A Step Towards Personalized Medicine

By Eliza Strickland | June 2, 2008 5:07 pm

drugs drug store bottlesThe next revolution in health care may be the dawn of “personalized medicine,” where a patient’s genetic makeup is taken into account when prescribing drugs and dosages. A sign of that coming era came over the weekend at an important oncology meeting, where the biotech company ImClone Systems announced that its colon cancer drug was not effective on about 40 percent of patients who have a mutated form of a cell-growth gene.

The trend towards personalized medicine will have repercussions for pharmaceutical companies, who are used to searching for the next blockbuster cancer drug that can benefit a vast number of patients.

Companies are beginning to accept a smaller market for some medicines in return for a better chance that those who use them will have a good result.

The interest reflects growing frustration over the limited number of patients who achieve a meaningful improvement in survival, despite the introduction of many cancer drugs in recent years. Although many of the new drugs target specific cancer genes, under current practice doctors administer these expensive targeted drugs without knowing whether the patient has the right type of cancer genes. Patients often undergo a hit-or-miss series of drug treatments to find one that works, an expensive and frequently uncomfortable process [The Wall Street Journal, subscription required].

These issues have been brought into focus by the ImClone drug Erbitux, which is used to treat both lung and colon cancers. At a meeting of the American Society of Clinical Oncology this weekend, ImClone researchers announced that Erbitux had no effect on about 40 percent of patients with advanced colon cancer. Those patients were found to have a mutated form of a gene called K-ras, which regulates cell growth and is believed to play a critical role in several cancers.

This suggests that oncologists should make sure their colon cancer patients are in the 60 percent with the standard form of the K-ras gene before prescribing Erbitux. The data “are pretty astounding,” says Eric Rowinsky, ImClone’s chief medical officer. He predicts that very soon all patients with colon cancer will be tested early on for kras status in the same way the breast cancer patients are tested to see their estrogen receptor status.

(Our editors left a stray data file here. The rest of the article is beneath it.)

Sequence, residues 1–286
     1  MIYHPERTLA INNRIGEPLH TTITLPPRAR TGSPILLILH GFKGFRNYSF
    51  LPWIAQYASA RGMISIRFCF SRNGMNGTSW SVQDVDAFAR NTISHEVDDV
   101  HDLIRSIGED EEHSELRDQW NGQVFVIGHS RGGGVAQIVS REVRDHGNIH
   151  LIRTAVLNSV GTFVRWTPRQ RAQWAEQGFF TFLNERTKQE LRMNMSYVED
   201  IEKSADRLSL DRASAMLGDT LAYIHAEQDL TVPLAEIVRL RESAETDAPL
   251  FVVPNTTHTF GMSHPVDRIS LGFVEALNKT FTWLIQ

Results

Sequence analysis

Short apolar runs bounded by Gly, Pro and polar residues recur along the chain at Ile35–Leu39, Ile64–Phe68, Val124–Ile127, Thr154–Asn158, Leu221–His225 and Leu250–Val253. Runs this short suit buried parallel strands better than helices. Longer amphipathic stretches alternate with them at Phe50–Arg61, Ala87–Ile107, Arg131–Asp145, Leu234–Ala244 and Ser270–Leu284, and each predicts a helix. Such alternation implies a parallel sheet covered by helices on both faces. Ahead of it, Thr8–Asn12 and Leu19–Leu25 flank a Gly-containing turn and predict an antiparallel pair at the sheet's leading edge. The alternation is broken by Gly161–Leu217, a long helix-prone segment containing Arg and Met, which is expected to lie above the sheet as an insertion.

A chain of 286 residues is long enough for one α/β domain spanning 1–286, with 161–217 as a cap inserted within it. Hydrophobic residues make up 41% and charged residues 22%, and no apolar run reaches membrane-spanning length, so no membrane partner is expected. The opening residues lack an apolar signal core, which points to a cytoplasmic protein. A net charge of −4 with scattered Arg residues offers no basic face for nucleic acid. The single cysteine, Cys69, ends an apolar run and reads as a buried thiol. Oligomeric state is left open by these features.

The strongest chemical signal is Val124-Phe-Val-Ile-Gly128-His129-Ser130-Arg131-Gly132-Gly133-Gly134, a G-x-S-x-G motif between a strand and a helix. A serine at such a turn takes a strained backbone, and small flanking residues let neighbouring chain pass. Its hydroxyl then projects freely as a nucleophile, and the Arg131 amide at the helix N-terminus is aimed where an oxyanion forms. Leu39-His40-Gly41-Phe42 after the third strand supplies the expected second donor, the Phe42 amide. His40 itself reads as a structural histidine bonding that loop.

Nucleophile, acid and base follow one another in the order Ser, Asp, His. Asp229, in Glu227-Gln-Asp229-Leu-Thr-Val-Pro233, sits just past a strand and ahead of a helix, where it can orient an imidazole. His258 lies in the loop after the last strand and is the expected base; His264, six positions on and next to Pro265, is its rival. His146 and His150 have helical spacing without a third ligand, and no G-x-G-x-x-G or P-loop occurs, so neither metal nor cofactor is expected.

“We can now say scientifically there is no reasonable chance it will help” people with kras mutations, says Leonard Saltz, of Memorial Sloan-Kettering Cancer Center, who predicts that insurance companies will soon require a kras test for colon patients [Forbes.com].

Image: flickr/KB35

CATEGORIZED UNDER: Health & Medicine
  • Gregory D. Pawelski

    Personalized Cancer Medicine Is Here, NOW!

    As we enter the era of “personalized” medicine, it is time to take a fresh look at how we evaluate treatments for cancer patients. More emphasis is needed matching treatment to the patient. Patients would certainly have a better chance of success had their cancer been chemo-sensitive rather than chemo-resistant, where it is more apparent that chemotherapy improves the survival of patients, and where identifying the most effective chemotherapy would be more likely to improve survival.

    Findings presented at the Annual Meeting of the European Society for Clinical Investigation in Uppsala, Sweden and the Annual Meeting of the American Assoication for Cancer Research (AACR) in San Diego, CA concluded that “functional profiling” with cell-based assays is relevant for the study of both “conventional” and “targeted” anti-neoplastic drug agents (anti-tumor and anti-angiogenic activity) in primary cultures of “fresh” human tumors.

    Cell-based Assays with “cell-death” endpoints can show disease-specific drug activity, are useful clinical and research tools for “conventional” and “targeted” drugs, and provide unique information complementary to that provided by “molecular” tests. There have been more than 25 peer-reviewed publications showing significant correlations between cell-death assay results and patient response and survival.